Along the way, he has demonstrated a steady commitment to social justice on campus and in the Beloit community.

The YWCA Rock County was set to present the 2020 Racial Justice Award to Williams on Saturday during a Martin Luther King Jr. commemoration at Blackhawk Technical College, but the event was canceled because of hazardous weather.

Cecil Youngblood, dean of students/chief diversity officer at Beloit College, nominated Williams.

“Professor George Williams, Jr., has continuously engaged in bridging the racial divide between the Beloit community and Beloit College…,” Youngblood wrote in the nomination form.

From the day Youngblood met Williams, “he brought with him a commitment to diversity and social change,” Youngblood said. “Almost immediately after he arrived on campus, he contacted my office and his words were simple: ‘How can I help?’”

Youngblood said Williams brought knowledge, energy and a “let’s-do-something-and-stop-talking attitude” to the work of social change.

He also called Williams “very direct,” especially when it pertains to efforts and questions about race, power and privilege.

At the same time, Williams is “a very caring person who has no ulterior motives in his work or his words,” Youngblood said. “This resonates and attracts people to him and compels us to listen and work with him.”

Two decades of firsts

Soon after arriving on campus to teach visual arts, Williams became the first black professor to chair a department. As chairman of the art and art history department, he worked with people to build bridges.

“I had to be accessible and approachable,” he said.

In 2000, he was part of a committee to diversify the teaching staff.

“Beloit College was not a very diverse community at the time,” Williams said. “Housekeeping was the most diverse group on campus.”

The committee brought in a full spectrum of qualified doctoral candidates who were not only racially diverse, but also were diverse in their disciplines.

“Some people’s eyes were opened,” Williams said.

In 2004, Williams became the first tenured black professor in the history of the college, which was founded in 1846.

“I always tell people I shouldn’t have been the first,” he said. “There were others before me who should have been.”

In the same year, he became the first black professor to speak at a Beloit College convocation.

“My subject was racial justice, and I talked about how the campus had to change and diversify,” he said.

He emphasized that diversity is a strength, not a weakness.

Williams is unafraid to speak what he feels.

“If you speak your truth, you can live with yourself, and you can sleep at night,” he explained.

Because he is tenured, he voices the opinions of others on campus and in the community who do not speak as freely.

“When I first met people in the community, I did not tell them I was a professor at the college right away,” Williams said. “I wanted them to get to know me as a person first. I felt the title would be a barrier. I wanted to know how they felt about the college. Then I shared what they said with the college.”

He added: “Saying what is difficult brings about change.”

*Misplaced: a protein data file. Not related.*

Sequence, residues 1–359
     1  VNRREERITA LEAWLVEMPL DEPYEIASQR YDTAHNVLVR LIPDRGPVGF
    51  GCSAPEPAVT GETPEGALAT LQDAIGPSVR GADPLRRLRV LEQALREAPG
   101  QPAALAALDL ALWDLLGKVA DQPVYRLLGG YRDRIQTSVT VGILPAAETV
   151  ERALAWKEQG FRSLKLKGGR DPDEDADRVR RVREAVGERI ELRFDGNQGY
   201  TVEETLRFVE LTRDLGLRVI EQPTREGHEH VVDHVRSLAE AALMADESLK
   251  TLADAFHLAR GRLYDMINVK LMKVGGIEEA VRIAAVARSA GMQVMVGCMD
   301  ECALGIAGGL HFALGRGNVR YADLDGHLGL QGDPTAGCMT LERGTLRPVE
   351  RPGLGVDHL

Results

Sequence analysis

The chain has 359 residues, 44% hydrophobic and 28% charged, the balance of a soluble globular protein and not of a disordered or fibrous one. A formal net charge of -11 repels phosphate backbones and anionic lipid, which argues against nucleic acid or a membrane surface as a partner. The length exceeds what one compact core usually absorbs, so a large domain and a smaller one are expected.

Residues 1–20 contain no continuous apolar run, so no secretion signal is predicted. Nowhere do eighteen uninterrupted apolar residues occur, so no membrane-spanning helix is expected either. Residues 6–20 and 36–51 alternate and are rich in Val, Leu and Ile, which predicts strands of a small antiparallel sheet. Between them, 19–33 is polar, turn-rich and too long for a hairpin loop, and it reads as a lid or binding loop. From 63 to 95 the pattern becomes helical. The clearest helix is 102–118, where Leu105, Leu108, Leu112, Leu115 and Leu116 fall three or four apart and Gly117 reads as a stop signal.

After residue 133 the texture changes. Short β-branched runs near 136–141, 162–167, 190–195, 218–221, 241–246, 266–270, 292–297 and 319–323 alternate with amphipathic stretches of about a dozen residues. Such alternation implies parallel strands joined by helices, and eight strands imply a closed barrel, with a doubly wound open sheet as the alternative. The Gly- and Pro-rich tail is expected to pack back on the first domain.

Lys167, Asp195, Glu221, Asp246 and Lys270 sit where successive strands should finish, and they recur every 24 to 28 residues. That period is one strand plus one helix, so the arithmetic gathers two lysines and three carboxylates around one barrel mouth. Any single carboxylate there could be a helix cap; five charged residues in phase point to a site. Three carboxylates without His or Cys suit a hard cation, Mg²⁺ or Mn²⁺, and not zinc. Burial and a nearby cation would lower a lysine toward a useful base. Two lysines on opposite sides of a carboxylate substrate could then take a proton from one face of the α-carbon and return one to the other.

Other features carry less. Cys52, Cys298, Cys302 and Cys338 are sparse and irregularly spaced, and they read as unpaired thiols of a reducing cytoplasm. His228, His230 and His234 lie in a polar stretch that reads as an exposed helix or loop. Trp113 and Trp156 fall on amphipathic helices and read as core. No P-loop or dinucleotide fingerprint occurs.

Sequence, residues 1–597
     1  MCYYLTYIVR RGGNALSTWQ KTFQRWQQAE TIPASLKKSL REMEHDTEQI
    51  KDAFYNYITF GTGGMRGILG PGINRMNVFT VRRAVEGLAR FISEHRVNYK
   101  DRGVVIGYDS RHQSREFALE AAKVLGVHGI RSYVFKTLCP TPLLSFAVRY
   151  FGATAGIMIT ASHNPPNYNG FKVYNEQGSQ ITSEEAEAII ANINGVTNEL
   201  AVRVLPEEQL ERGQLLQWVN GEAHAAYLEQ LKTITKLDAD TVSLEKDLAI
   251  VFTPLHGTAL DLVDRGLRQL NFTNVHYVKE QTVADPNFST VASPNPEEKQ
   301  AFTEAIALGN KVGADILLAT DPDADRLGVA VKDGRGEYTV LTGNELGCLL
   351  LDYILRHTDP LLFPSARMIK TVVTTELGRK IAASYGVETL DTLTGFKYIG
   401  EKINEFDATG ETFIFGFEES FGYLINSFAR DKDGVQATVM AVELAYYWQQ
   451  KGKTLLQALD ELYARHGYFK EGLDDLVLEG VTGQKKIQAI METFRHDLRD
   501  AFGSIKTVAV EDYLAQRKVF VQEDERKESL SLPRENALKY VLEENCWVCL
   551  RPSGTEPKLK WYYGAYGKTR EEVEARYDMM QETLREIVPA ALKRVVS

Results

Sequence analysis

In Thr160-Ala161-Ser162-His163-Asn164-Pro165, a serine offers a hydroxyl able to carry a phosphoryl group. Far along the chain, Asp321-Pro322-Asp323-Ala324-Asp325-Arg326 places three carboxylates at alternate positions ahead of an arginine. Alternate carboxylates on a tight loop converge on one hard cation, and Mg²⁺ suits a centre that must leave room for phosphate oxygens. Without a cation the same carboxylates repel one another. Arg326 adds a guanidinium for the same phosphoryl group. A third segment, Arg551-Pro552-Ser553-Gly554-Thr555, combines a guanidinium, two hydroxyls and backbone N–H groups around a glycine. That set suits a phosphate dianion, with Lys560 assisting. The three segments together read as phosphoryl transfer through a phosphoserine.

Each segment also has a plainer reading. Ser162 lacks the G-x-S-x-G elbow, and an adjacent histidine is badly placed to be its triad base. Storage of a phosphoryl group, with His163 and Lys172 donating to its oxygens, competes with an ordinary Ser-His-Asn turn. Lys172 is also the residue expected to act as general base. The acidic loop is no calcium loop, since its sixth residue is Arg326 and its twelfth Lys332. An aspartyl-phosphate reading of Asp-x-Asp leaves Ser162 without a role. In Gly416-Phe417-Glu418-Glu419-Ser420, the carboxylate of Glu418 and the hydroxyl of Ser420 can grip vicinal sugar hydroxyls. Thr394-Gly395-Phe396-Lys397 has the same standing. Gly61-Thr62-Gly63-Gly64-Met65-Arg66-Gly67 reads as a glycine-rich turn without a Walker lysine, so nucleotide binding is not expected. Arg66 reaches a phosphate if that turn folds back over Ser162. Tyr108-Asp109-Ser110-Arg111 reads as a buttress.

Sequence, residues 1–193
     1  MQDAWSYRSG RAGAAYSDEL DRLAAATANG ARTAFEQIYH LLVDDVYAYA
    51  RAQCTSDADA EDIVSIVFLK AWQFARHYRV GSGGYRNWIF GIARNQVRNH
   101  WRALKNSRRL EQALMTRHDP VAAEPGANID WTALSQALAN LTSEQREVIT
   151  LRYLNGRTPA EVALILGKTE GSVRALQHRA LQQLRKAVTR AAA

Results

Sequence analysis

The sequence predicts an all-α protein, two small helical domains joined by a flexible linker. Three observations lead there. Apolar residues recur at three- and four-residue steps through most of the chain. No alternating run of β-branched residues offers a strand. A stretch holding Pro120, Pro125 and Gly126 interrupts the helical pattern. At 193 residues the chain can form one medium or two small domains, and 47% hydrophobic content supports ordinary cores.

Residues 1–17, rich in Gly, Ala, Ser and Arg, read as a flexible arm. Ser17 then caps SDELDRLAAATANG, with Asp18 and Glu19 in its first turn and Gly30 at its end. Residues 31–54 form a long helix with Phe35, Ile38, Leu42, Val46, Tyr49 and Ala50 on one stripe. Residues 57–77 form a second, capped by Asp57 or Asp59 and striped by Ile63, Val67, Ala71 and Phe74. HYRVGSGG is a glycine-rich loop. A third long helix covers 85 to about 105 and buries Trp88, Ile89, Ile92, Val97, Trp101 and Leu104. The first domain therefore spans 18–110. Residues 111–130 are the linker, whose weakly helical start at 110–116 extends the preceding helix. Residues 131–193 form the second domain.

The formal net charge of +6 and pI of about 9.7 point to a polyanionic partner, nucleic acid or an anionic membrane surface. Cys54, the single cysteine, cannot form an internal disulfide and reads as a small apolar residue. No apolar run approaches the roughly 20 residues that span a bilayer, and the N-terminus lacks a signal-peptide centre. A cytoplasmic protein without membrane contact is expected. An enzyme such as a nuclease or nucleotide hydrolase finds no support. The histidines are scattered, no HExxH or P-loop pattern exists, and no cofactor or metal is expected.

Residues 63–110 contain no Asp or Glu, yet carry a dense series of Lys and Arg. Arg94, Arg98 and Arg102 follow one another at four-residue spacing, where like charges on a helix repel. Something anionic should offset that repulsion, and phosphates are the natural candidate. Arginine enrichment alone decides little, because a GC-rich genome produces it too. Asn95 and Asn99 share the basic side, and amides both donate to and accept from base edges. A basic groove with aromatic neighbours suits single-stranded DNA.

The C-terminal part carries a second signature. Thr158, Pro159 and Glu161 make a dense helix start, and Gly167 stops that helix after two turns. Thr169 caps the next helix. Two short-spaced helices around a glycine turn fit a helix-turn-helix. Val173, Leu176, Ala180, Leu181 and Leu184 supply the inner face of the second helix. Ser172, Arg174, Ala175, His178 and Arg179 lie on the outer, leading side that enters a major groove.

In 2010, Williams achieved full tenure and was the first black professor to do so.

The same year, he was the first black professor to serve as graduation marshal.

His attempts to bring dignity to all people reached into the community, as well.

During the past decade, Williams has taught college writing to students from Beloit Memorial, South Beloit and Beloit Turner high schools.

“We get them to be critical thinkers,” he said.

Williams also co-founded Academic Pathways, a mentoring and tutoring community-based program for students of all ages who needed help with academics and literacy.

Beloit College students and Beloit residents tutored students in the former program.

“My intentions are to build strong coalitions among people,” Williams said.

A better life

Williams moved to Wisconsin from Southern California with his wife, Shirley, and young family to improve his quality of life. He was working at four different colleges and, because of long hours, thought his young children didn’t know him well.

“In one year, I spent four months of my life in a car,” Williams said of the traffic congestion that plagues Southern California.

He teaches both traditional painting and drawing and nontraditional graphic design. Williams also paints and shows his works at galleries and museums.

He includes the multicultural voices of philosophers and artists in his classes.

“We go across disciplines so people can see themselves in those spaces,” he said.

Williams said the college has made strides in bringing diversity to campus among professors and the staff.

“We have progressed in many different ways,” he said.

He looks forward to more diversity initiatives.

Williams works daily in an office where he keeps posters and photos on the wall of people who inspire and remind him of the greater good.

Included are photos of Angela Davis, Martin Luther King Jr., Malcolm X and American athletes Tommie Smith and John Carlos, who are giving raised-fist salutes after the 200-meter race at the 1968 Summer Olympic Games.

The athletes used their medal wins as an opportunity to advocate for racial pride and social consciousness about inequality in their country. The International Olympic Committee president called the action during the national anthem inappropriate and suspended the athletes from the USA team.

Williams was only a child when he saw the men on TV, but he never forgot the impact on him.